Author Note Dr. Gabrielle Morrissey PhD is currently based at Bond University as Assistant Professor, Gabrielle Morrissey teaches a stream of four human sexuality subjects across two academic programs. Gabrielle received her PhD in Sexology/Health Science from Curtin University of Technology in Perth, Western Australia, where she headed the Sexology Program for three years, from 2002 to 2004. Dr Gabrielle also serves as Adjunct Associate Professor in the Division of Health and Applied Sciences at Southern Cross University. Gabrielle Morrissey is the author of the successful sexuality book for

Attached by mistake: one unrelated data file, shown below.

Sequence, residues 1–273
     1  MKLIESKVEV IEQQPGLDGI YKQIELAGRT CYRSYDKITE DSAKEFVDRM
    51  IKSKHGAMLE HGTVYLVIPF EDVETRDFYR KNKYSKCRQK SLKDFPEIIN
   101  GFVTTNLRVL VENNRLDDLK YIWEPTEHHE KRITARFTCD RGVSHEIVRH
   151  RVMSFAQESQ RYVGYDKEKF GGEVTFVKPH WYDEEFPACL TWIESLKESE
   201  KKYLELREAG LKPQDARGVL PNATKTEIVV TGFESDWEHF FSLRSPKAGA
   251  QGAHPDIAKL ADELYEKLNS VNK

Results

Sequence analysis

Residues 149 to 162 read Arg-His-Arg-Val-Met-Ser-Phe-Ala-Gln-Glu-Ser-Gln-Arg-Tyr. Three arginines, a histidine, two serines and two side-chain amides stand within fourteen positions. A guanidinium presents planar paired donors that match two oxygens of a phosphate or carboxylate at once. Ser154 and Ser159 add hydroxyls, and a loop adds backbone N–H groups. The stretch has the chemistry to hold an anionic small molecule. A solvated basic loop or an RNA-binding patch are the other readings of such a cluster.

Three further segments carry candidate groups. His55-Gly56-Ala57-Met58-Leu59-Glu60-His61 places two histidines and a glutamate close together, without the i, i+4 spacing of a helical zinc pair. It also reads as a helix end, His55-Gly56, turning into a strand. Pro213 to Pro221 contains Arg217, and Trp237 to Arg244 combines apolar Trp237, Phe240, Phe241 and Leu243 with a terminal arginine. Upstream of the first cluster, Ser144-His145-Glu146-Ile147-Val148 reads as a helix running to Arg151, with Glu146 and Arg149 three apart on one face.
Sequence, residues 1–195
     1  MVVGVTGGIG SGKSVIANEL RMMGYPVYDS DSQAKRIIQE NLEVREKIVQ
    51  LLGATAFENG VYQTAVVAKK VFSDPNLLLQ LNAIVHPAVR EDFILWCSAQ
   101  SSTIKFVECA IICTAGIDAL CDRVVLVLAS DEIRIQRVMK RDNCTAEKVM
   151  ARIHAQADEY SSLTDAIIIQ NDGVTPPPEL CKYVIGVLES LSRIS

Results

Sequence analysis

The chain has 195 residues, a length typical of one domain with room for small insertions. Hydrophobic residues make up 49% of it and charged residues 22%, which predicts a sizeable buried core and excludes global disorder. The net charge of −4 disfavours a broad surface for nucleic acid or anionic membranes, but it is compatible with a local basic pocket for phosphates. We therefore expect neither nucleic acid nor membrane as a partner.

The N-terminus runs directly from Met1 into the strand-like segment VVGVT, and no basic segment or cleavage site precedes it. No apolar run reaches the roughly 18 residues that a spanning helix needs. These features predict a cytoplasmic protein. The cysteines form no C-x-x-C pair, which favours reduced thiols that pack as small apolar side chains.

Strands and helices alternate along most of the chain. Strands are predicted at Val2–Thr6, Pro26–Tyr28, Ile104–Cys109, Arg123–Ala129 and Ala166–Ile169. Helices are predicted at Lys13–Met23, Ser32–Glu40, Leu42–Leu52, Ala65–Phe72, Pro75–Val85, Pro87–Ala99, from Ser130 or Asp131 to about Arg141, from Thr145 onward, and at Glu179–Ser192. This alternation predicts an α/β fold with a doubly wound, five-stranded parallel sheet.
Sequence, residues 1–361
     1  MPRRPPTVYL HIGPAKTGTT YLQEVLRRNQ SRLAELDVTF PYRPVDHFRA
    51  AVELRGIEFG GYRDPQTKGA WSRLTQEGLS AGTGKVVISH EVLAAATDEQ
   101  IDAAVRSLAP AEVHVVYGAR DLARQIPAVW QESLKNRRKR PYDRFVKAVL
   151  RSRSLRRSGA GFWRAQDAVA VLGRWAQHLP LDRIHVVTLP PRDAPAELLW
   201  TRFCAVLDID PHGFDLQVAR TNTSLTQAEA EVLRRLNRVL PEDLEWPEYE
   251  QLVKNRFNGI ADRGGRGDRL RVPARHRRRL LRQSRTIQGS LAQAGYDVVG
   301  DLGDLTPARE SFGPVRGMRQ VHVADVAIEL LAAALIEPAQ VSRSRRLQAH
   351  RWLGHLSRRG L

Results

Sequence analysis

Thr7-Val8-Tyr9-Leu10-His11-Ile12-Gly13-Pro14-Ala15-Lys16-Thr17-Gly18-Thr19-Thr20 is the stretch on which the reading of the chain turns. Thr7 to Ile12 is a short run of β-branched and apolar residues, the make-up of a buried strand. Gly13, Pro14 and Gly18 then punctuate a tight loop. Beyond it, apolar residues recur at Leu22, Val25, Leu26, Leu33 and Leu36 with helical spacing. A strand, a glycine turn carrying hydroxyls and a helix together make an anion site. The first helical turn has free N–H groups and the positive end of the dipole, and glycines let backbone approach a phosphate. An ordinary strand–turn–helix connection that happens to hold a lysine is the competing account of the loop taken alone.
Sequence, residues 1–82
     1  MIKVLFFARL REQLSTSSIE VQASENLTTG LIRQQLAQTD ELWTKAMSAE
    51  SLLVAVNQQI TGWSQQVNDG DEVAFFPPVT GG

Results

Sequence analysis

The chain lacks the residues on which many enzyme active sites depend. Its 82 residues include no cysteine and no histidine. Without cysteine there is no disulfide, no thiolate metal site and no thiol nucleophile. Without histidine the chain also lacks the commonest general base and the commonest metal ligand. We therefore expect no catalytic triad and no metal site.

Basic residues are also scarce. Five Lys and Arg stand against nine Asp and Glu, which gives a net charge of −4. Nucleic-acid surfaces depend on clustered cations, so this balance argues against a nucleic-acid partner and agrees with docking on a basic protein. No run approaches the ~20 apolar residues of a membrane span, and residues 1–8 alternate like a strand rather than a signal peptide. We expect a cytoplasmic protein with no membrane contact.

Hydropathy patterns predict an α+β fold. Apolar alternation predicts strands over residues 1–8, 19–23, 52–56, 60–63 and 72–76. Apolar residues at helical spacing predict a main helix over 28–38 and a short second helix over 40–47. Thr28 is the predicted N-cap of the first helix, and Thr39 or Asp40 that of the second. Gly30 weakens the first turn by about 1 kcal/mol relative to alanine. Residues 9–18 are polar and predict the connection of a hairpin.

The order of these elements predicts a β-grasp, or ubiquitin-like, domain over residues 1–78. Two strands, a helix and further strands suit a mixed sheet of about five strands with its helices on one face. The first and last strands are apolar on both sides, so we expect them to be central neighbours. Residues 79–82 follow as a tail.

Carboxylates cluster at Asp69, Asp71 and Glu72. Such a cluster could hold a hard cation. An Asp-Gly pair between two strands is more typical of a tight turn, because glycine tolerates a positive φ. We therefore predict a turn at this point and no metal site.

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teens and young adults, Sex in the Time of Generation X, and her second sex book, Urge (also known as Hot Secrets for Great Sex, Satisfaction, Tirami Su and Jak Na To overseas) was released in Australia in June 2002, and has been sold to the US, UK, Canada, and Europe. Gabrielle's third book, Spicy Sex, published by HarperCollins, is due for release on February 2006. Dr Gabrielle directs her own sexology consulting company, which offers a range of events, services and workshops for individuals and couples, and also small and large groups as well as educational institutions and corporations. Contact information:; Email: Professor Joy Higgs, AM is the Director, Collaborations in Practice and Education Advancement and Professor in the Faculty of Health Sciences at The University of Sydney. For over 25 years she has worked in health sciences education and research, and has published extensively in a number of areas including health sciences education, practice knowledge, clinical reasoning, and professional practice. Book titles include: Clinical Reasoning in the Health Professions; Educating Beginning Practitioners; Critical Moments in Qualitative Research; Professional Practice in Health; Education and the Creative Arts; Practice Knowledge and Expertise in the Health Professions; Developing Practice Knowledge for Health Professionals; and Communicating in the Health and Social Sciences. Contact information: Faculty of Health Sciences, The University of Sydney, PO Box 170 Lidcombe NSW 1825, Australia, Email, Please address correspondence to Professor Joy Higgs AM PhD, Faculty of Health Sciences, The University of Sydney, PO Box 170 Lidcombe NSW 1825; Fax: 612-9351-9323; Telephone: 61-2-9351-9070; Email: Copyright 2006: Gabrielle Morrissey, Joy Higgs, and Nova Southeastern University Article Citation Morrissey, G., & Higgs, J. (2006). Phenomenological research and adolescent female sexuality: Discoveries and applications. The Qualitative Report, 11(1), 161-181. Retrieved [Insert date], from